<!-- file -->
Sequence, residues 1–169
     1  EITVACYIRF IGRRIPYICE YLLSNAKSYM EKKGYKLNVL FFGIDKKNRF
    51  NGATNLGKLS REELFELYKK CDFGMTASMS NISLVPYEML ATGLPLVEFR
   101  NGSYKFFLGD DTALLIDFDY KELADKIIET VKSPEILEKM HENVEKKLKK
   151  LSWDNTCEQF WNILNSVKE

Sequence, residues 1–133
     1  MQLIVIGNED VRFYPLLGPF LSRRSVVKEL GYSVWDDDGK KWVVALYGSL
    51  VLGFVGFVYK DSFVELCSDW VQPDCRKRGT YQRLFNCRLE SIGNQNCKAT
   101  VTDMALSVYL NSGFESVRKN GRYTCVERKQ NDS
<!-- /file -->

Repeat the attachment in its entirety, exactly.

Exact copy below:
Sequence, residues 1–169
     1  EITVACYIRF IGRRIPYICE YLLSNAKSYM EKKGYKLNVL FFGIDKKNRF
    51  NGATNLGKLS REELFELYKK CDFGMTASMS NISLVPYEML ATGLPLVEFR
   101  NGSYKFFLGD DTALLIDFDY KELADKIIET VKSPEILEKM HENVEKKLKK
   151  LSWDNTCEQF WNILNSVKE

Sequence, residues 1–133
     1  MQLIVIGNED VRFYPLLGPF LSRRSVVKEL GYSVWDDDGK KWVVALYGSL
    51  VLGFVGFVYK DSFVELCSDW VQPDCRKRGT YQRLFNCRLE SIGNQNCKAT
   101  VTDMALSVYL NSGFESVRKN GRYTCVERKQ NDS